I suspect this is the most exciting blog on the internet tonight. Top my adventure, if you dare!

Monday, November 14, 2011

A title

Reading on my Kindle: Wait for Me! -- a memoir by Deborah Vivien Freeman-Mitford Cavendish, Duchess of Devonshire, the youngest sister of novelist Nancy Mitford, and the 10th Duchess of Devonshire.

I love Nancy Mitford's novels The Pursuit of Love and Love in a Cold Climate.

Every one of the daughters in the Mitford family was unusual in some way. The oldest, Nancy, was a talented novelist and biographer; the next, Diana, married Sir Oswald Mosley, the leader of the British Union of Fascists; Pamela farmed and cooked and had a blue Aga stove to match her eyes; Unity Mitford idolized Hitler and tried to kill herself when England and Germany went to war, but only succeeded in inflicting brain damage on herself; Jessica Mitford went left where her sisters went right, married and became a true communist and wrote The American Way of Death; and Deborah, the youngest, married a duke's younger son, became a duchess, and helped preserve a great estate.

I've read a good biography of them, The Sisters: The Saga of the Mitford Family, but you would have to be quite interested in the Mitfords to read it. (I was.)

Saturday, November 12, 2011

Too soon!

In the 7-day forecast, a week from today, there's a 40% chance of light snow!

The age meme

I got an e-mail from Facebook telling me a friend has a birthday and also how old he's turning. I thought, "Huh, he's older than I am." Then I realized, "No, wait. I'm older than he is."

Sometimes I forget how old I am.

Also, I'm not good at math.

Friday, November 11, 2011

Baby face

People around me seem younger than they used to. On Northwest Cable News (NWCN), every time I see one news anchor, I think, "What? Are you even a high school graduate yet?" Evidently he is.

A friend of my dad's, who's in his 80s, told my dad, "The older I get, the older 'old' gets."

Thursday, November 10, 2011

Hymn sing

For some reason when I'm driving, one of two hymn tunes will come into my head, not necessarily my favorite hymns, although good hymns. I will unconsciously start humming either "How Great Thou Art" or "My Jesus I Love Thee." Other hymns require a conscious effort to produce.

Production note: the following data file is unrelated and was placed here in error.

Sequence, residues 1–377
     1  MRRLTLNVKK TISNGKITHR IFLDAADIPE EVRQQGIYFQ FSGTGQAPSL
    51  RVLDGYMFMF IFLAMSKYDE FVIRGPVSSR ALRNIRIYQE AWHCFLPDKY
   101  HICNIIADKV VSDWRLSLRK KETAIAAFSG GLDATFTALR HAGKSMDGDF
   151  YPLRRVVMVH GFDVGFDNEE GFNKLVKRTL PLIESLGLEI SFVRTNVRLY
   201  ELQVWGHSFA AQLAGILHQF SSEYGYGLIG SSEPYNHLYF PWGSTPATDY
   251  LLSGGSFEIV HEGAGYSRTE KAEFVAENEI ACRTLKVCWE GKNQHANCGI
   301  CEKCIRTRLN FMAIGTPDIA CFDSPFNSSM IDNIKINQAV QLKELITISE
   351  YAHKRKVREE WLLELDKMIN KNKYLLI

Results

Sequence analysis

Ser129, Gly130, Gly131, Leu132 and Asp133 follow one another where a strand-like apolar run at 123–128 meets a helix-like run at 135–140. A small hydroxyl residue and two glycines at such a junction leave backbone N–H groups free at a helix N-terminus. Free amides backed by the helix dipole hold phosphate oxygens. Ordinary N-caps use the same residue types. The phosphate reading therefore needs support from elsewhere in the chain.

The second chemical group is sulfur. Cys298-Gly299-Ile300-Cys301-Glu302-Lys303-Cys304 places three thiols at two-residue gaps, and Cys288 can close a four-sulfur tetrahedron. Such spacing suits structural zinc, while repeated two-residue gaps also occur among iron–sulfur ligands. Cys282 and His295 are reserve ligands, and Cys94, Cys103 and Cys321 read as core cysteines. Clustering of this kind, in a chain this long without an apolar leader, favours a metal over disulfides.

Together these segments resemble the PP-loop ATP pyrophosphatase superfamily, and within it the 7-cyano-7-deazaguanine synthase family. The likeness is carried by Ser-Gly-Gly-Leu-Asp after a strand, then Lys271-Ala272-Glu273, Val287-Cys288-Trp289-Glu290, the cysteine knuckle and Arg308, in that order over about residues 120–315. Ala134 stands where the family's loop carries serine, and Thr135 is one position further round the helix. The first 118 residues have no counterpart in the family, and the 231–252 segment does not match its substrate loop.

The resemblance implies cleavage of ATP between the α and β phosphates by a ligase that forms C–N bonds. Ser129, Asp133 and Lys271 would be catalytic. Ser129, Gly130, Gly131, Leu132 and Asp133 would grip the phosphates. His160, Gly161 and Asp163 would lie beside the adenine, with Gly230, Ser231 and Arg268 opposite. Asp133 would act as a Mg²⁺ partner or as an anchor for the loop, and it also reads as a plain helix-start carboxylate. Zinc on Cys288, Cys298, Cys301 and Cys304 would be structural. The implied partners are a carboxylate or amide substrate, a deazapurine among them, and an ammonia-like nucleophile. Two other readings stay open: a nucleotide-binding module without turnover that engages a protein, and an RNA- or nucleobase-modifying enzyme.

Wednesday, November 9, 2011

Thursday is the new Friday

Tomorrow is the Friday of my work week, although it's the Thursday of reality. I'm happy to have just one more day to go. I'm anxious about how much I need to get done tomorrow. The down side of a 4-day work week is trying to squish 5 days worth of work into it.

Tuesday, November 8, 2011


My work week is half over. Two down, two to go.

I'll be checking final election results tomorrow morning.

Monday, November 7, 2011

November Monday

Worked my work day and did a decent amount of work.

Filled out my local ballot this evening. It's due tomorrow. I could mail it, but I think I'll bring it personally to the Auditor's Office. Or maybe I'll swing through the Lynden Library on my way out of town and put it in the drop box.

I am particularly interested in the results for sheriff, county executive, and auditor, and for Initiative 1183 -- concerning "hard liquor."

How did I vote? That's my secret.

It's great to live in this great Republic. Voting is both my duty and a privilege.

Sunday, November 6, 2011

November Sunday

A beautiful but cold autumn day. Some good hymns at church. Kind words and some talk about dahlias with a good church member. Visiting aunts and uncles. Pumpkin pie. Put more plants away. Laundry. Sandwiches for the coming work week.

It's a four-day work week, Monday through Thursday. Friday will be Veterans Day.

Saturday, November 5, 2011


Today I took down my hanging plants, which had been lightly nipped by frost this week, and swept the shady side of the deck. It is the beginning of clearing and straightening up the deck for winter.

Tonight we turn the clocks back, and now for a few months I will not see much of my deck and yard by daylight during the work week, only on weekends. I feel some melancholy about that but not an excessive amount. I will probably start seeing more light in February, and start thinking about and possibly buying (although it will be too early) new plants in March. Today I feel the value of a season of dormancy and darkness, although I may tire of it by next February.

Here is a good poem, originally written in German (below) and translated into English:

Autumn Day

Lord: it is time. The summer was immense.
Lay your shadow on the sundials
and let loose the wind in the fields.

Bid the last fruits to be full;
give them another two more southerly days,
press them to ripeness, and chase
the last sweetness into the heavy wine.

Whoever has no house now will not build one anymore.
Whoever is alone now will remain so for a long time,
will stay up, read, write long letters,
and wander the avenues, up and down,
restlessly, while the leaves are blowing.